I finished reading Scarlet (for the third time!) yesterday,and you will hear all my impressions. However, first there is something else that I reread recently. The Murder of 1909 was a story I wrote for some school project when I was 11, and I found it the other day, and cracked up laughing. I didn’t believe in normal names, so we have Marthew, and Alades Dand, and Led Veil, and Elda.
These are some quotes from this masterful piece of litreature.
“And as a legitimate plan for getting out of debt formulated in her brain, the murder recipe boiled in a corner too, slowly cooking the ingredients into a magnificent stew”
Apparently I though that all murderers were deeply in debt.
” In the early dawn light the white and gold house looked slightly ghostly. The wrought iron fence, with the gate barely distinguishable from the rest of it, added to the eerie effect. The fine grain oak, set at the top af a pale cream staircase, looked royal despite the chipped varnish”
This goes on for five more sentences. Way to tell not show, it is almost Lotr worthy.
“Though now passed something awful had happened to her and left a permanent mark.”
I was a very melodramatic child.
“Both Led and Elda gave up on men but remained good friends for the rest of their lives.”
There was also a historical inacuuracy in this story, but there is no way I’m pointing that out. It was pretty hilarious though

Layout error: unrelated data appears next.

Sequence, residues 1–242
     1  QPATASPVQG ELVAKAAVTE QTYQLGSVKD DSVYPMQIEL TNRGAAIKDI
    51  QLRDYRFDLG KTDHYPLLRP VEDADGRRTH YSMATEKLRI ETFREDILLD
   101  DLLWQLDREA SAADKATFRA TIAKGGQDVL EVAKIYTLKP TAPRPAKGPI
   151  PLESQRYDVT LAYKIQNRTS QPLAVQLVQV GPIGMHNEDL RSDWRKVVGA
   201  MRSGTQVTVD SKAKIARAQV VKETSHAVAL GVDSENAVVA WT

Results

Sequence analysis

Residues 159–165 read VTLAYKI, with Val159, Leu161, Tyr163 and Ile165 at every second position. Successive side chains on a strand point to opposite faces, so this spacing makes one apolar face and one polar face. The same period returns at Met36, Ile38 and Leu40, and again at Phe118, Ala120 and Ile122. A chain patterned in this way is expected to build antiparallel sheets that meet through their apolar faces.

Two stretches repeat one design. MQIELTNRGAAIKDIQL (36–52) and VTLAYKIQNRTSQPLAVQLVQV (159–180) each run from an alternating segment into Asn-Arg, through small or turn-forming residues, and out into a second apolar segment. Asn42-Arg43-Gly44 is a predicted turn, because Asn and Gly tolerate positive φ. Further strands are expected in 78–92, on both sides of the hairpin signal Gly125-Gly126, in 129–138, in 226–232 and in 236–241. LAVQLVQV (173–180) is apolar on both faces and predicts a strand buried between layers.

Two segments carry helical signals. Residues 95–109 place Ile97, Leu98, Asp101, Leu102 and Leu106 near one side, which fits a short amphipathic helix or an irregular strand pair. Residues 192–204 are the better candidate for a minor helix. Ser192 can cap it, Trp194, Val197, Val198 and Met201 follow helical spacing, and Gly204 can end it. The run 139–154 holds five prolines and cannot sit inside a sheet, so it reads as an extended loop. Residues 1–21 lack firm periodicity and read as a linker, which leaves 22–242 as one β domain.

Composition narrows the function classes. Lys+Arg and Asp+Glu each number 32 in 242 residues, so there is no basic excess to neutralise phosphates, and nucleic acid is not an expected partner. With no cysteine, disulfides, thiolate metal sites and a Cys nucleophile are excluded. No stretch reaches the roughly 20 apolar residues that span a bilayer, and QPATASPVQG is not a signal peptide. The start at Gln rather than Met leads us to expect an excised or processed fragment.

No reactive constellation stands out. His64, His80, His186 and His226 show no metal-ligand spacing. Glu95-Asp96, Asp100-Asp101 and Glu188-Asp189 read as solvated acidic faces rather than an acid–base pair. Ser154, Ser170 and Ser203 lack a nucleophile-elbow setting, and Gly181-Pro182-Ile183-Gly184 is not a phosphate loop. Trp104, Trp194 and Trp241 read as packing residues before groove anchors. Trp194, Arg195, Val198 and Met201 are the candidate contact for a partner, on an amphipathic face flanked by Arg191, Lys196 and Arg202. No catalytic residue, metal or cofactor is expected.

Upon rereading, what really strikes me about Scarlet is the beautiful setting and the realistic portrayal of relationships.
I really like the way that Cinder and Thorne interact, with jibes and jokes and teasing. Iko is also amazing. She is pretty much written as a human, and her struggles with being an autocontrol system and an android are very sweet. It is also amazing how Marissa Meyer maintains tension between Kai and Cinder while they don’t see each other. The multiple perspectives in this book work really well and help me to understand the characters. The only time when I got confused was the time in Paris.
Scarlet and Wolf are especially adorable. It isn’t quite instalove, even though they do get together fairly quickly (though the book itself takes place over a time span of less than a week) Scarlet is a really strong female character, and it is very interesting seeing how Cinder and her look at each other. I’m really looking foward to seeing them all in Winter. Scarlet has a gun and shes not afraid to use it, but she doesn’t want anyone killed. Like Wolf, she is fiercely loyal, especially to her granfather. I would like to have seen more about her mother and how her relationship with Luc changed, because that is obviously a very important part of her. She is quick, though reluctant, to trust Wolf, and it is amazing, knowing the plot twists, to see how she changes Wolf. Wolf is also great, though not explained as much. I really liked hearing more from him in Cress.
For a book to be worth rereading, the characters have to be very strong, and Marissa Meyer creates very interesting, complex characters, who have visible flaws (like Wolfs violence or how Cinder enjoys exploiting her power) and work together to fight them.
I also really liked the settings. I have been to the southern France (though not to a farm) and the setting, mentioned through little details (shown not told is something that I am increasingly appreciating) is tangible. I also loved seeing the inside of the Rampion which is a very awesome spaceship. (honourable mention to the relationship between Thorne and the ship by the way). Kai’s office, with its stifling glitter, is also a beautiful metaphor for how he feels about his role as emperor.
I still love this book for how realistic the people are, the beautiful settings, the engaging plot, and impeccable detail. I am definitely going to preorder Fairest.